Cincinnati Mayor-elect John Cranley Friday released his list of city council committees and who will be the chairpersons of those committees. The full Council could approve them Sunday.
The new streetcar committee is scheduled to meet Monday at noon. A press release said the group will "consider a proposal aimed at pausing streetcar spending and implementing a comprehensive, objective review of the project in order to determine the true cost of cancellation vs. continuation."
As expected, Cincinnati Council Tuesday passed an ordinance requiring city administrators to complete the first phase of the streetcar project.
City solicitor John Curp was asked to explain the action.
“This would place the directive to proceed with the streetcar as an ordinance, as a law of the city,” Curp said. “Which would obligate the manager to proceed with that directive until another law or ordinance was passed to replace it.”
Cincinnati Council will likely approve an ordinance Tuesday telling city administrators to complete the first phase of the streetcar project in Downtown and Over-the-Rhine. The action comes as the city's new mayor, John Cranley, has vowed to stop the plan.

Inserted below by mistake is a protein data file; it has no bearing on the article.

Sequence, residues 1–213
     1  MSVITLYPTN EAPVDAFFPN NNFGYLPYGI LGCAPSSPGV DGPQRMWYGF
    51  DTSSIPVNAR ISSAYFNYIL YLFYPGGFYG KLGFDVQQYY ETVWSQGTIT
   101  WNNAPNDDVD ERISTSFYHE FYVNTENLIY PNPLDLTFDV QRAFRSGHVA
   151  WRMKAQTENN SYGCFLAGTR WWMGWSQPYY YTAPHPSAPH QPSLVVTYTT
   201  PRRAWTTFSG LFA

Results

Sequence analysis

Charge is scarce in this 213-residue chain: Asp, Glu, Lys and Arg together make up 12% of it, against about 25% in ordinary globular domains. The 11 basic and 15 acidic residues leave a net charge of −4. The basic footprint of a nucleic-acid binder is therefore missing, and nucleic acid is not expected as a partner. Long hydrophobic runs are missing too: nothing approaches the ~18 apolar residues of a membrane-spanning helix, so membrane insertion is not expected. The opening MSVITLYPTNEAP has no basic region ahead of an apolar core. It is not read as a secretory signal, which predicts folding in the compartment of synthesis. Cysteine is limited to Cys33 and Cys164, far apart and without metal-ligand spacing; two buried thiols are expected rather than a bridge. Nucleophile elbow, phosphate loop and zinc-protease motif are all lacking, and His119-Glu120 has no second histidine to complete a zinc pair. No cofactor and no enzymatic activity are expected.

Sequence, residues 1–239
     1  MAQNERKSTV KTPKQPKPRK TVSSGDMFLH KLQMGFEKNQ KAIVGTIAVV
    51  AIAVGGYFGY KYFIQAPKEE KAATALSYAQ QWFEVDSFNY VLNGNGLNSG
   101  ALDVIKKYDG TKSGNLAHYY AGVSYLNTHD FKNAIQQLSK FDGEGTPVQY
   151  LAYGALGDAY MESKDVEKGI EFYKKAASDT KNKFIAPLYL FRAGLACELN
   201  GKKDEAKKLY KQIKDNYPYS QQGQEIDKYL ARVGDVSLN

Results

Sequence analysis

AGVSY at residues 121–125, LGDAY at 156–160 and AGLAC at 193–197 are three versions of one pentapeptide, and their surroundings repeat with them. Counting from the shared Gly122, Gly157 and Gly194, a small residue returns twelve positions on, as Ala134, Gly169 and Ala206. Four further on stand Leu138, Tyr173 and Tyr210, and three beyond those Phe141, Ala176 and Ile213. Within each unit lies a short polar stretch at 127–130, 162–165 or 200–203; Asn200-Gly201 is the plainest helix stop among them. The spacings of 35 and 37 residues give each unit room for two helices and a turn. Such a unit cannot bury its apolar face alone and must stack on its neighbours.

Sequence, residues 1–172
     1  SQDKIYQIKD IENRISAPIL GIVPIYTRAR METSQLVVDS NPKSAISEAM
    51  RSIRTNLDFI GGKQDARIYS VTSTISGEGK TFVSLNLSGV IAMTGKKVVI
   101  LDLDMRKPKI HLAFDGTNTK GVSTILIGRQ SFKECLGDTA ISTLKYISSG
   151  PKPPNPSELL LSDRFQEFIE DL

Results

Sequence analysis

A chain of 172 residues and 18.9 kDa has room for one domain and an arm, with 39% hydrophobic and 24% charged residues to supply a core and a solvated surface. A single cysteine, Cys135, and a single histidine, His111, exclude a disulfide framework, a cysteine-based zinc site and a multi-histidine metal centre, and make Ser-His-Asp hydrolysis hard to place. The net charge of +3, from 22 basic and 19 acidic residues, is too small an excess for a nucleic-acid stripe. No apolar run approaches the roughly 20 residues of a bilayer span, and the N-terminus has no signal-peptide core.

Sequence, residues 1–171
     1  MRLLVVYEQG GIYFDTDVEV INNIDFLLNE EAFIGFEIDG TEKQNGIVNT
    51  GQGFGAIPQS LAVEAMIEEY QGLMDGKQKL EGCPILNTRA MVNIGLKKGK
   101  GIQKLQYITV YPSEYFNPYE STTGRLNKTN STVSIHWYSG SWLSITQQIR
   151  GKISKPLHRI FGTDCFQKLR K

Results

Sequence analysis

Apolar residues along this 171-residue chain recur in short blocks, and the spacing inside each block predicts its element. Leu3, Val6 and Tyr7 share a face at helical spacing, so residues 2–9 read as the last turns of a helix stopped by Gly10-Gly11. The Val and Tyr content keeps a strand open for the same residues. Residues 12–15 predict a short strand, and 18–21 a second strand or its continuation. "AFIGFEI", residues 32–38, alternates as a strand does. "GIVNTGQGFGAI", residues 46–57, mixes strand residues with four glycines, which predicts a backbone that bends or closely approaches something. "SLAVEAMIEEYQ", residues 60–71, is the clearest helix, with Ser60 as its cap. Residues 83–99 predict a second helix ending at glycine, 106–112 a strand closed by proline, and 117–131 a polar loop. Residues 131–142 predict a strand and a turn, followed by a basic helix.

Council's Budget and Finance Committee approved the ordinance Monday after a conference call with Dorval Carter, who's the chief counsel for the Federal Transit Administration. The FTA has provided funding for the city project. He said requests to pause or cancel a project are relatively rare.
Supporters of the Cincinnati streetcar are asking people to contact mayor-elect John Cranley and council members-elect to keep the project alive. Cranley campaigned against it and vowed to stop it if elected.
Streetcar supporters held a public forum Thursday night at the Mercantile Library in downtown. An overflow crowd watched the session on the video board at Fountain Square.
Supporters said the project is important for three reasons: reputation, community and the future.
Ryan Messer is one of the grassroots organizers trying to save the streetcar.